Judicial Council Decisions Search
Decision No. 926
April 24 2002
In Re: Review of Bishop's Decision of Law in the North Carolina Annual Conference Related to Resolution of Complaint Filed Against a Clergy Member.
Digest of Case
The bishop's ruling is affirmed. The questions are moot and hypothetical.
Statement of Facts
On June 9, 2001, during the regular business session of the North Carolina Annual Conference meeting in Fayetteville, North Carolina, Bishop Marion M. Edwards read into the record of the conference a written request he had received for a decision of law on a series of questions. The request made by an elder in full connection (retired) was offered on the basis of Par. 2613 of the 1996 Discipline. The questions are as follows: 1) Referring to 2624(a) of our Book of Discipline, which relates to chargeable offenses, would you please rule on the definition of the term "crime." 2) Referring to 2624 (c) of our Book of Discipline, which also relates to chargeable offenses, would you please rule on the definition of the term "immorality." 3) Referring to 358.1(b) of our Book of Discipline, which relates to the "Supervisory Response" role during the complaint process, would you please rule as to the legality of the declaration of either "reconciliation" or a "just resolution" without the assent of all parties involved. 4) Referring to 358.1(b) of our Book of Discipline, would you please rule on the authority of a bishop to "dismiss" or "close" complaints made against members of the Annual Conference. 5) Referring to 358.1(b) of our Book of Discipline, indicating that "the supervisory response should be carried out by the bishop and district superintendent in a confidential and timely manner…", would you please rule on the definition of "timely". The bishop ruled on the request within the prescribed 30-day period. Since none of the five questions raised made reference to any action before the Annual Conference, based on Decision 33, the bishop ruled the questions moot and hypothetical. Jurisdiction The Judicial Council has jurisdiction under 2609.6 of the 2000 Discipline. Analysis and Rationale A review of the minutes of June 9, 2001, of the North Carolina Annual Conference reveal no matters before the Conference related to the questions posed. Therefore, the questions are hypothetical, and the Judicial Council has ruled since Decision 33 in 1946 that a bishop is not required to answer hypothetical questions. (See also Decisions 396, 651, 746, 750, 762, 763, 799, and 820.) Question 4 is related to the bishop's function in the supervisory process and is, therefore, improper.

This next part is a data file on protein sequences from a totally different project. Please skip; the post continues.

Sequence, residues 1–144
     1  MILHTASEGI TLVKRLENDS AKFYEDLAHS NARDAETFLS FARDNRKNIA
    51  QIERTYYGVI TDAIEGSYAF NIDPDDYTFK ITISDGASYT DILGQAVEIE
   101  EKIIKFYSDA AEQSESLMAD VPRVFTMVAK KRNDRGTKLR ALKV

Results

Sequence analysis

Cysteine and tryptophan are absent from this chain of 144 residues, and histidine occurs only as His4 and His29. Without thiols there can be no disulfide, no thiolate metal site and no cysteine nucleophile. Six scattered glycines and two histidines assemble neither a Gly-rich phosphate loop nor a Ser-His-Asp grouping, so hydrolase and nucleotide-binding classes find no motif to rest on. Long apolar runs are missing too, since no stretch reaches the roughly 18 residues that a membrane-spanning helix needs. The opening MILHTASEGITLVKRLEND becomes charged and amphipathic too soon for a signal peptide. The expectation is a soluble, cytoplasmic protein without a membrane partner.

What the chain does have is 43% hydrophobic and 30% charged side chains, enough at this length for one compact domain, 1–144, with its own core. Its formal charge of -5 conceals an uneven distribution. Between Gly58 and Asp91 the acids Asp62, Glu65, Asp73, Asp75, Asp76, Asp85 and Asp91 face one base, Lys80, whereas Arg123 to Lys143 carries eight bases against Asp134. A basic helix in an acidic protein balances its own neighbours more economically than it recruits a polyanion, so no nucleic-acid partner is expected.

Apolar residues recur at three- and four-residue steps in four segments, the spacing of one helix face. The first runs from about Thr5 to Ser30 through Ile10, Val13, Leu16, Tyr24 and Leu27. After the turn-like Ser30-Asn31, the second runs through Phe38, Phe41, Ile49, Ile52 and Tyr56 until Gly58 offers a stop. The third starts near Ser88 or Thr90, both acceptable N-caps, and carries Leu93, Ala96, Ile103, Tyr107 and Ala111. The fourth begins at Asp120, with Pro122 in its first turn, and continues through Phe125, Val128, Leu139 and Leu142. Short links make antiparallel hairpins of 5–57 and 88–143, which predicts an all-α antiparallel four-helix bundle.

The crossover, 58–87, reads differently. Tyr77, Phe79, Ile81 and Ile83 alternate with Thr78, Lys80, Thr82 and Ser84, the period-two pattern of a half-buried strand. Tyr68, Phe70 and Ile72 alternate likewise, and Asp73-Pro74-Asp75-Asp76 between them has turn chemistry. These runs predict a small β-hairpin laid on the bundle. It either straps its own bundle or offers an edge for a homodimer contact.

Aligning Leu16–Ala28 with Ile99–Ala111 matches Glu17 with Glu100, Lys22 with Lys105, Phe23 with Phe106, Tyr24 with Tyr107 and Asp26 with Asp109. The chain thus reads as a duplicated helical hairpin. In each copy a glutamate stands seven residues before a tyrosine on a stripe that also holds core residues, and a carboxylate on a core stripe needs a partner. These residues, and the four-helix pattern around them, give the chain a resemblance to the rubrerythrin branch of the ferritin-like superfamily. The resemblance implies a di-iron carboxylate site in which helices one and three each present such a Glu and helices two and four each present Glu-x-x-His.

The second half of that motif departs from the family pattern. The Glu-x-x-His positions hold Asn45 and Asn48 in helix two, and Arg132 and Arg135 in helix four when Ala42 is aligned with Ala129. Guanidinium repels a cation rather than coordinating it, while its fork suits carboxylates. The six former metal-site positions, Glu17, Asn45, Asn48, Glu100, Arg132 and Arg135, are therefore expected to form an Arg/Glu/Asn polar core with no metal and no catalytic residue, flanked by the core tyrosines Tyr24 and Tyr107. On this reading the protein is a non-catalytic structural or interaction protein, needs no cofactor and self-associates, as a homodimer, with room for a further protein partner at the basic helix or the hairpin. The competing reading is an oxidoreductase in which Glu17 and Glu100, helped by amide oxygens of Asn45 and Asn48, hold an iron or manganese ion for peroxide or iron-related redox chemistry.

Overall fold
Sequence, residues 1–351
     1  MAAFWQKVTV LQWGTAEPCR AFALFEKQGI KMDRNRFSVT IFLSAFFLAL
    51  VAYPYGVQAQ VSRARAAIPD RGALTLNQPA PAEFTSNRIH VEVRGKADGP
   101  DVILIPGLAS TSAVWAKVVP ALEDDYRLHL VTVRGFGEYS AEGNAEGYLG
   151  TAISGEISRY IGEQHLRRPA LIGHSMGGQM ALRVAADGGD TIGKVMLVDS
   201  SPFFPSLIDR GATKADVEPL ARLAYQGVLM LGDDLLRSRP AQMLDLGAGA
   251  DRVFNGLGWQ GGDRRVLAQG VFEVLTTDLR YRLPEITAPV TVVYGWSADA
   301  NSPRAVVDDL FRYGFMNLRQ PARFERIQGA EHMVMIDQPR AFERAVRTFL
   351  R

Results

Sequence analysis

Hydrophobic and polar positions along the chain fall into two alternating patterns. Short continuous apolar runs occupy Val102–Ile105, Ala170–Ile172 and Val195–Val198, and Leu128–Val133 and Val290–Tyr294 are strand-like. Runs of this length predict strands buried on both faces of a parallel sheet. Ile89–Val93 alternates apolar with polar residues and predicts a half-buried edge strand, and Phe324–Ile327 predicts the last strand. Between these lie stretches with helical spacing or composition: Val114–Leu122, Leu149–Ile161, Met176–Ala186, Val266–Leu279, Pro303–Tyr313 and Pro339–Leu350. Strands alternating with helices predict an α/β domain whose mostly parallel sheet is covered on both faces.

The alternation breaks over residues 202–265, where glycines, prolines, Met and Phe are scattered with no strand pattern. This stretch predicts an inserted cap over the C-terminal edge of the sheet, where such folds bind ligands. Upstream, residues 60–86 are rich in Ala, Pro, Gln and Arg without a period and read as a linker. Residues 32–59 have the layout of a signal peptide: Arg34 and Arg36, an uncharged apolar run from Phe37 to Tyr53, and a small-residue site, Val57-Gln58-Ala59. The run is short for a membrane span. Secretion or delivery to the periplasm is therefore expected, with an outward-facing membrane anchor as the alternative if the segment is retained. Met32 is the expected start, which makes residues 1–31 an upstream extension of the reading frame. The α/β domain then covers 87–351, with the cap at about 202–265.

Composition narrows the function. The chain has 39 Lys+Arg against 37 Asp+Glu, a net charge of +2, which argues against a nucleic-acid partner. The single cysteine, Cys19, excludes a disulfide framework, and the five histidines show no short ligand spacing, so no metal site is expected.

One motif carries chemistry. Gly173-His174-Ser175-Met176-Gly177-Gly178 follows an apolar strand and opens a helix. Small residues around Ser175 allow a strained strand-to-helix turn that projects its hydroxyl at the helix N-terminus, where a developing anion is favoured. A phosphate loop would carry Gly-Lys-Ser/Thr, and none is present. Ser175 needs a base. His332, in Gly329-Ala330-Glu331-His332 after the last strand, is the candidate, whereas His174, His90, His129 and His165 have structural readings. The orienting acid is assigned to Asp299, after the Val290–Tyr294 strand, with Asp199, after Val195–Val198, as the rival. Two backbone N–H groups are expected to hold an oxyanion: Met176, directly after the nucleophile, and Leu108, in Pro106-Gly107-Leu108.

The bishop's ruling is affirmed. The questions are moot and hypothetical. C. Rex Bevins was absent. This copy subject to final editing and correcting